To date, few studies have assessed the impact of forest conversion or seasonal changes on soil microbial community assembly. To fill this research gap, 16S rRNA and ITS gene sequences were used to evaluate the effects of forest conversion and seasonal changes on the assembly of bacterial and fungal communities using 260 soil samples collected from tropical rainforest and rubber plantation sites across Hainan Island, South China. A majority (~60%) of observed OTUs conformed with neutral model expectations, indicating that neutral processes were important for the assembly of soil microbial communities. For bacterial communities, the NST (normalized stochasticity ratio) was higher in the tropical rainforest (0.746 in the dry season, 0.684 in the rainy season) versus rubber plantation sites (0.647, 0.584), regardless of season. Thus, forest conversion decreased the importance of stochasticity for soil bacterial community assembly. For fungal communities, rubber plantation communities showed greater stochasticity (NST = 0.578) than rainforest communities (NST = 0.388) in the dry season, but the reverse was true in the rainy season (NST = 0.852 for rubber plantations; NST = 0.978 for rainforest). Both the NST results and structural equation modeling showed that bacterial communities were more stochastic in the dry season, while fungal communities were more stochastic in the rainy season; the effects of seasonal changes on assembly therefore differed between bacterial and fungal communities. More importantly, forest conversion did not have a direct impact on the assembly of bacterial or fungal communities, but exerted indirect effects via soil pH and soil AK.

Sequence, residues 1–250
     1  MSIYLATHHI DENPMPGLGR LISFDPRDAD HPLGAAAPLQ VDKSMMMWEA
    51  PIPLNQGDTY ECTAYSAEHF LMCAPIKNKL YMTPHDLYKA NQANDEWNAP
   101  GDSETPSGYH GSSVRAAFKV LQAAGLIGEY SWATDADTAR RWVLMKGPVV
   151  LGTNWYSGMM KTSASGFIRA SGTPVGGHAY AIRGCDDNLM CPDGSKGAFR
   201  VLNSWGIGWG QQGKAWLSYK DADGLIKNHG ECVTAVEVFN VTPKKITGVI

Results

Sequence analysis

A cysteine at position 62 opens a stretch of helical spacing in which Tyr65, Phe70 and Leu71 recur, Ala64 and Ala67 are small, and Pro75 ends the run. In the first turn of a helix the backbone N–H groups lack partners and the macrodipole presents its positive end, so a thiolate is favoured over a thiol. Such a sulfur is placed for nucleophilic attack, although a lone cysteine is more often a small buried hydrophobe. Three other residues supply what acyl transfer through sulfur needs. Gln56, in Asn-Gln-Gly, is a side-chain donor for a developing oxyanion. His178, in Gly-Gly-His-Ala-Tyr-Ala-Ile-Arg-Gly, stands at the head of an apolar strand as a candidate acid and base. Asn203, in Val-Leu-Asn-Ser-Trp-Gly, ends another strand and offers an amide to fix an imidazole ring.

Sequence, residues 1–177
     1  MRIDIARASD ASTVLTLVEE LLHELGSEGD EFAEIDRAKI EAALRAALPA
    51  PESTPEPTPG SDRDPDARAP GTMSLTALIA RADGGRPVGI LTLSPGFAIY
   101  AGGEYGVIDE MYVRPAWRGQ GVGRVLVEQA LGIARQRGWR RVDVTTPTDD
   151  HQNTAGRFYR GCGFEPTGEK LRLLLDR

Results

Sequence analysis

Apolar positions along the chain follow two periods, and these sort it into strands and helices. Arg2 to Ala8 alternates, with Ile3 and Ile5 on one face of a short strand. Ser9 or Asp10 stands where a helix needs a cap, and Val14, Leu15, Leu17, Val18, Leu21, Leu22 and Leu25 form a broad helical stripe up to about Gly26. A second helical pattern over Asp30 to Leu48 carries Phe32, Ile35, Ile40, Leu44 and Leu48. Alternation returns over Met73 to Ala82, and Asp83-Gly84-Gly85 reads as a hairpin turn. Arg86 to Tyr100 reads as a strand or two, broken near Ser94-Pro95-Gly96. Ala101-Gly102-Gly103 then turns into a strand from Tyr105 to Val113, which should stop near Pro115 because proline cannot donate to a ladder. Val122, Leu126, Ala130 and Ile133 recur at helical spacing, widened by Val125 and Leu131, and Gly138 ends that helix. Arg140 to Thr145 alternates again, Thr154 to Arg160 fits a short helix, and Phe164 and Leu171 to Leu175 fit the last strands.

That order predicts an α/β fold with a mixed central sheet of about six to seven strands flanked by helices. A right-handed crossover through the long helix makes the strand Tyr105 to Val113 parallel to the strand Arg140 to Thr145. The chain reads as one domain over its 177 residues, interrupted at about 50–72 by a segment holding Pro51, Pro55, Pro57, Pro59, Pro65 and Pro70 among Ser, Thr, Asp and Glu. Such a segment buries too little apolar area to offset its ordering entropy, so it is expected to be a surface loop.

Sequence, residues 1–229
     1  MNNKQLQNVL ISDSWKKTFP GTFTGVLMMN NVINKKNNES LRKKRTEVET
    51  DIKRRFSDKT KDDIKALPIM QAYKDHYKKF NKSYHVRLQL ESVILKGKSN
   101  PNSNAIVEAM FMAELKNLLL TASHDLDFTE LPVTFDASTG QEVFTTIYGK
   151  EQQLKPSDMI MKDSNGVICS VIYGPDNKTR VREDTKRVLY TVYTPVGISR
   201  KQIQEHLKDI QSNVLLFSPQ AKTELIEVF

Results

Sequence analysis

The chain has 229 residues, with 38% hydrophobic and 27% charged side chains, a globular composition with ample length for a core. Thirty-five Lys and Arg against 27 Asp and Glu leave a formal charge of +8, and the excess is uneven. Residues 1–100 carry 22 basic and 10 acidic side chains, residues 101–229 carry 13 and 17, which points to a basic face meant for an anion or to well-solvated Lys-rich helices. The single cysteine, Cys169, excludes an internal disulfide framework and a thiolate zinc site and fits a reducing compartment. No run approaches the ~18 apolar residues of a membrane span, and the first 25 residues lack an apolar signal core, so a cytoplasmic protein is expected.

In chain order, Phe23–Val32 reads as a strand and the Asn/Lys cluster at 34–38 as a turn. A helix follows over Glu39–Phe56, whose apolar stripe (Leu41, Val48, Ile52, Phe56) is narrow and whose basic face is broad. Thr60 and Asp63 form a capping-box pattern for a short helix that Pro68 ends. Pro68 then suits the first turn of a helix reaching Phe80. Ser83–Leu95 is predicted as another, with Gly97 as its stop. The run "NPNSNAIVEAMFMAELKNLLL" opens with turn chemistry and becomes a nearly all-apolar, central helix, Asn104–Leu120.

The effects of forest conversion from natural forest to agricultural system on soil microbial composition still need further study. Especially, impact on soil function after forest conversion is not yet known. In this study, by using metagenomic sequencing as well as 16S and ITS sequencing technology, we evaluated the soil microbial composition, diversity and functions based on a large number of soil samples of tropical rainforest and rubber plantation across the whole island of Hainan, south China. The results showed that (1) forest conversion changed microbial composition from bacterial groups of Proteobacteria to Chloroflexi, and fungal groups from Basidiomycota to Ascomycota. (2) The bacterial alpha diversity, beta diversity as well as the total diversity did not decrease after forest conversion. However, beta diversity of fungal community reduced resulting a net loss of total OTU richness. (3) There was no difference in soil functional compositions and diversity between rubber plantations and rainforest, however, the relative gene abundance of most COG functions, KEGG functions, CAZy functions as well as Antibiotic gene were significantly different between rubber plantation and tropical rainforest. (4) Soil pH and environmental heterogeneity were the main driver for microbial taxonomic composition and gene functional composition. Land use did not result in changes of functional gene composition, but the relative abundance of functional gene. The changed relative abundance gene would alter the ecosystem processes. In conclusion, our results confirmed that land use changes alter the soil microbial community structure and can have profound effects on ecosystem functions and processes.